By the end of May 2018, 25 people from around the North will have done something pretty amazing in recreation training.

Geoff Ray, executive director of the NWT Recreation and Parks Association, speaks at the 2016 Arctic Inspiration Prize ceremony in Ottawa on Jan. 27. Ray spoke about the Tri-Territorial Recreation Training Program, now known as Recreation North, which received $600,000 of the $1.5 million up for grabs that year. The money went to help form the Community Recreation Leadership Program, which started up its pilot program earlier this month around all three territories. Fred Cattroll/ArcticNet photo

Recreation North, a joint effort between the recreation and parks associations of the three territories, launched its Community Recreation Leadership Program earlier this month. The program is for those who work or volunteer in the recreation field to receive as full a training module as there’s ever been in the North.

When it comes to the NWT, there are participants from eight communities involved for the pilot run of the program.

Geoff Ray, the executive director of the NWT Recreation and Parks Association, is the person in charge of overseeing the program here and said the response from people looking to sign up for the first year was overwhelming.

“We had 44 applicants across all three territories and quite a few of those were from the NWT,” he said. “We had more applicants than space was available and so it was tough to tell people that they couldn’t take part, but the response was surprising. I honestly thought we would have to work to try and get the numbers we did.”

The program, designed to strengthen recreation capacity in the North, was put together by people in the North for people in the North.

Ray said figuring out what to include as part of the module came after consulting many different groups.

“We worked with recreation departments to see what they needed to have their people learn in order to be successful,” he said. “We also spoke with government leaders across Canada along with Indigenous governments to make sure we came up with a well-rounded program.”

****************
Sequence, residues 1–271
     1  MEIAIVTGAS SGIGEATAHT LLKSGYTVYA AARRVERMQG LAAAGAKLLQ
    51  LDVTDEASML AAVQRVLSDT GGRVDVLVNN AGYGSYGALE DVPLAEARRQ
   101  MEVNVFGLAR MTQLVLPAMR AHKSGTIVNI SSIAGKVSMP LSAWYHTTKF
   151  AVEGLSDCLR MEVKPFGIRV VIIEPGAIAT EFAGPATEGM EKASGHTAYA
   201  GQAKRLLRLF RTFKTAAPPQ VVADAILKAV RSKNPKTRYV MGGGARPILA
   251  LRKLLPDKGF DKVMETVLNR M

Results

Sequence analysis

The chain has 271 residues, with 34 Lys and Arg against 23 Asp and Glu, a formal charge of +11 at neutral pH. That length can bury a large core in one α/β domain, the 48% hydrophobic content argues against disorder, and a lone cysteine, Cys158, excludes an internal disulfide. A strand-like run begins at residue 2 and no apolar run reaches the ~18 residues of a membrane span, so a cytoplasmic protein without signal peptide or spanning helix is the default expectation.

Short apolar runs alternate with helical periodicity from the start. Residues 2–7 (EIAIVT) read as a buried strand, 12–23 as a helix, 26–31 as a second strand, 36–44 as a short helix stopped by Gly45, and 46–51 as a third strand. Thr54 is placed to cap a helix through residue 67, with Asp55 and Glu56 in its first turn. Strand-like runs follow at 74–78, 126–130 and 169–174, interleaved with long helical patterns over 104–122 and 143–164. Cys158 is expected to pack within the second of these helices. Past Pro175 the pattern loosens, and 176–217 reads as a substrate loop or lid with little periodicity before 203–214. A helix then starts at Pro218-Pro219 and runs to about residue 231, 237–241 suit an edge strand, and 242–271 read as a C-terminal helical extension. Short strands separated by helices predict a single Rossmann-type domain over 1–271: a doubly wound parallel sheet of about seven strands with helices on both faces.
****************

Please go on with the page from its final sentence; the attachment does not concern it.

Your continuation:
For a participant to complete the training, they will have to finish a total of 10 courses. Eight of those ten courses make up the core program and are mandatory.

The other two courses are elective with eight options to choose from. Some of the elective courses are region-specific, but none of the specific courses apply to the NWT.

Each month of the program deals with different courses. For October, Introduction to Recreation Foundations was on the table. November will see participants work on Planning For Success and Identifying Leadership Strengths.

Because this is the first year of the program, Recreation North launched it as a pilot and everyone taking part is doing so free of charge.

Ray said that’s so Recreation North can see how it’s delivered and how it was received.

“We want to learn from the participants to see if the curriculum was applicable,” he said. “We’ll ask the participants what they thought, how it was delivered to them and talk to the communities to see if the participants are applying what they learned.”

All three territories have had their official roll-outs of the program and Ray said the response to date has been positive, especially when it comes to accessibility.

“So far, so good is how I would put it,” he said. “The one thing we kept hearing from people in the communities is that distance learning was needed and so we’re trying to make this engaging, but also accessible. People don’t want to have to travel all the time for professional development.”

James McCarthy

After being a nomad around North America following my semi-debauched post-secondary days, I put down my roots in Yellowknife in 2006. I’ve been keeping this sports seat warm with NNSL for the better...

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